Federal Budget 2017: SME wish granted with write-off relief
MYOB’s most recent SME snapshot found 60 percent of respondents thought the asset write-off was the number one priority for their business out of the Budget.
As widely tipped, the Government has elected to keep the $20,000 instant tax deduction in place for one more year – and the number of businesses that can access it has increased.
Instead of having the asset depreciate over a number of years, small businesses are now able to write off the depreciation immediately.
It means that small business are more likely to buy new equipment or technology, which can make them more efficient and help them grow.
Rewarding small business
In announcing his Budget to the Parliament, Treasurer Scott Morrison said this was about rewarding small businesses.
“Small business owners are out there fighting for growth in their businesses every day. They deserve our respect and support,” he said.
The definition of a small business has also changed to include businesses with a turnover up to $10 million. This vastly increases the number of businesses that can access the write-off.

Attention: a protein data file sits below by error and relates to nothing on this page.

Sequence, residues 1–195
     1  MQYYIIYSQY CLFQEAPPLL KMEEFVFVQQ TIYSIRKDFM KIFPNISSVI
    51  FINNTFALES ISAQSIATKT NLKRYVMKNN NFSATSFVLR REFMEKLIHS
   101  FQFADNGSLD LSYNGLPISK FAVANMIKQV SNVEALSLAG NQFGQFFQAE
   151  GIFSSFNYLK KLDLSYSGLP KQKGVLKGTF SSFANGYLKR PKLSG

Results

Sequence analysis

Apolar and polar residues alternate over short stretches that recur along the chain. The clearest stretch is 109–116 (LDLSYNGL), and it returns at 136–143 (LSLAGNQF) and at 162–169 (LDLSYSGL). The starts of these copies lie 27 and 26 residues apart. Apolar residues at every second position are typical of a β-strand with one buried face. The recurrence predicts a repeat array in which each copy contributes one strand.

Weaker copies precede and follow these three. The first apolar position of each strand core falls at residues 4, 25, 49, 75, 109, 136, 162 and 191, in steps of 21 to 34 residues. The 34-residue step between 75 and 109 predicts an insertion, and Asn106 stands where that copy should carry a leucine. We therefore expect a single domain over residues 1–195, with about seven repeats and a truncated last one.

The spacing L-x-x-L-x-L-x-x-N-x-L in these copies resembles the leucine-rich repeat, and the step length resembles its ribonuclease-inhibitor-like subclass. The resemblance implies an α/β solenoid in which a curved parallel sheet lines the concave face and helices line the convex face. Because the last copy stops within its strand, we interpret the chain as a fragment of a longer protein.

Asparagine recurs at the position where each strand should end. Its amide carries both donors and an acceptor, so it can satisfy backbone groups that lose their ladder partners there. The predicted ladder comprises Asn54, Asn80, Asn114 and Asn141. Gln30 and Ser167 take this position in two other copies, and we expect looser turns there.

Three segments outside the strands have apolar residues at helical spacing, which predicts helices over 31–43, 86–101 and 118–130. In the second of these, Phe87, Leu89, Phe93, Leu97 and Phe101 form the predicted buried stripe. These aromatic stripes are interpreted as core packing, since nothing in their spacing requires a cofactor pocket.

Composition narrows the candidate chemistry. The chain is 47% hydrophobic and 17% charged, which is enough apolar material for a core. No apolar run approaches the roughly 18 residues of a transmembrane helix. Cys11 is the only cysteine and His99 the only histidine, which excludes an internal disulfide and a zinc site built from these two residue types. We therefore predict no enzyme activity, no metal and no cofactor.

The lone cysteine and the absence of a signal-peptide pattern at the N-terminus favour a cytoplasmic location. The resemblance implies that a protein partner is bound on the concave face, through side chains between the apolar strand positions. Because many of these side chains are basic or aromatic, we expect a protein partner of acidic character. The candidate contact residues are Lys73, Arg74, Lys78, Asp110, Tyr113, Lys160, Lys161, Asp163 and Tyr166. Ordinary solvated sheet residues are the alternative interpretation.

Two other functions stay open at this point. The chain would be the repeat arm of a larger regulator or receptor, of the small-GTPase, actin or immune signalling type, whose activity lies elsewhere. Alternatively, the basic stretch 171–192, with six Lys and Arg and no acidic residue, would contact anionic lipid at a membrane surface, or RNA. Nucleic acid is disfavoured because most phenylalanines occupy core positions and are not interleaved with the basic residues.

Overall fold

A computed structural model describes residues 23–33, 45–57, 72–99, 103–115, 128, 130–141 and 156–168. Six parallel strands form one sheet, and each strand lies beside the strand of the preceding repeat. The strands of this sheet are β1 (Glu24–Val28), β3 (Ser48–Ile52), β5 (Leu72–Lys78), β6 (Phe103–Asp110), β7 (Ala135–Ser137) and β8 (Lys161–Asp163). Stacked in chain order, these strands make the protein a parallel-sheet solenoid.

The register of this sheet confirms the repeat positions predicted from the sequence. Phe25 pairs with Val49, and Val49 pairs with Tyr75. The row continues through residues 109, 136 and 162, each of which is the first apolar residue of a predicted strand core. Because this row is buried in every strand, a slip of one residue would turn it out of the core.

While it would have been great to see the write-off extended beyond one year, it’s good that Australian small businesses can invest with some degree of certainty.
The big picture – making life easier for SMEs
Accountants and advisors are also big fans of the write-off measure.
Before the Budget, The Pulse got in touch with three peak bodies about what their members (and their clients) would like to see out of the budget.
In short, they ranked the asset write-off highly.
“That policy was very good for SMEs, and I think there’s a good business case for it to be extended in the very least,” CPA’s Head of Policy, Paul Drum, told The Pulse.
“There was an injection into purchases and claims into businesses in that category, so there was a good economic flow-on.”
The policy was also applauded by The Institute of Public Accountants.
MYOB agrees that it’s definitely a policy that helps create more business success in Australia – but it would be great to see it made permanent.